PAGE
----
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July 14, 2004

Senate Hearing Reveals Greater Steroid Use

FROM A HEARING EARLIER THIS WEEK BY THE SENATE CAUCUS ON INTERNATIONAL NARCOTICS CONTROL comes compelling testimony about the alarming growth of performance-enhancing drugs.

The Senate is deliberating on a bill, S 2195, that would classify many new steroids and related chemicals as controlled substances, which are illegal without a doctor's prescription. The House of Representatives has already passed a similar bill by a vote of 408-3.

One of the witnesses was a former Division I football player. He testified anonymously, speaking to senators behind a screen while wearing a hood, with his voice altered by a device on the microphone. He said one of his teammates was a dealer who supplied steroids to seven or eight other players.

He said that even though he added 20 pounds of muscle and dropped his time in the 40 to 4.5 seconds without using drugs, his coaches pressured him to get even bigger and stronger.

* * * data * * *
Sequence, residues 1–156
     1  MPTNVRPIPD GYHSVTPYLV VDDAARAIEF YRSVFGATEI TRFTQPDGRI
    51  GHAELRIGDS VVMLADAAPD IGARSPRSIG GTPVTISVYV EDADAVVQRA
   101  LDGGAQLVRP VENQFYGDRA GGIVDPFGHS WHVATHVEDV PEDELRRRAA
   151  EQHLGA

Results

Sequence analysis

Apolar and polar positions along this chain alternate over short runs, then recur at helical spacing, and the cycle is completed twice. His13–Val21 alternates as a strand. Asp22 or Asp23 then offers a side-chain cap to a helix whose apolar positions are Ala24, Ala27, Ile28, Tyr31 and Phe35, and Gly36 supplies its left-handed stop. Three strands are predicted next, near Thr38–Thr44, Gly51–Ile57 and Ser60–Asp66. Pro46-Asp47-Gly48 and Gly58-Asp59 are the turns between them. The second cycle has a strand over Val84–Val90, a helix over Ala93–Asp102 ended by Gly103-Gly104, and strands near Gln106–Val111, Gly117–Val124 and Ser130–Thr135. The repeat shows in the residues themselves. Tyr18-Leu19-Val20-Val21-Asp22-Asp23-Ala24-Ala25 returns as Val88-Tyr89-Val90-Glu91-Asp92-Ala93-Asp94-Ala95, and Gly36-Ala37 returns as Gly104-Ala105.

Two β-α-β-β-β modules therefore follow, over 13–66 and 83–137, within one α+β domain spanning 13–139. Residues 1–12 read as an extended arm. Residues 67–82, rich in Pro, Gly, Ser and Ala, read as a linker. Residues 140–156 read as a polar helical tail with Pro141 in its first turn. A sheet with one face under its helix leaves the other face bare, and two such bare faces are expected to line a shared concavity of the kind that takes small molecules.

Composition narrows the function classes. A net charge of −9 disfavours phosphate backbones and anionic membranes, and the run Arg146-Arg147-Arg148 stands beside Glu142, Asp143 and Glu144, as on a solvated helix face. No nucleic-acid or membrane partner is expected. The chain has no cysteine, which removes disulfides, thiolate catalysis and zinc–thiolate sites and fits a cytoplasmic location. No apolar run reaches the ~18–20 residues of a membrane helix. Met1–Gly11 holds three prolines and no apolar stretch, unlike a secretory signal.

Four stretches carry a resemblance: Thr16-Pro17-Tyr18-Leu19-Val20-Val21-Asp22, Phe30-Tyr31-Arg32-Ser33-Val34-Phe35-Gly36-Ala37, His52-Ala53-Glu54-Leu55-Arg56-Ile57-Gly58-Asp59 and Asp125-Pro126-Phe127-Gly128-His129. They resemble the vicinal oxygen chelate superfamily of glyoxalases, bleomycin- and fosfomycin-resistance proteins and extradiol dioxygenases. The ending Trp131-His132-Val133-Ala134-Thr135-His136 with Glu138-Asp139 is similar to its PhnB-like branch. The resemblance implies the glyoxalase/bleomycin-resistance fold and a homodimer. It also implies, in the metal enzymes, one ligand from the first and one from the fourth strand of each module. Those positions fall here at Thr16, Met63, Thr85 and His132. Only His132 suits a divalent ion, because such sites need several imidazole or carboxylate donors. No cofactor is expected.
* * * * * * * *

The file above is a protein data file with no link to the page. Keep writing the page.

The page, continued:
He also said users were able to get around the NCAA random drug policy because, “The policy is weak, and fairly predictable with the drug tests falling in roughly the same period of time every year.”

Another witness was Dr. Don Catlin, a professor of molecular and medical pharmacology at UCLA, and a renowned expert on performance enhancing drugs. Dr. Catlin said that the NCAA's testing has had a positive but limited effect.

"It's huge. It's all over the place," Dr. Catlin said. "I can't believe people still are not taking this seriously."

(this 246 word excerpt—with attendant commentary—was distilled from a 687 word article in The Chronicle of Higher Education of 7-14-04 and a 359 word AP article of 7-13-04)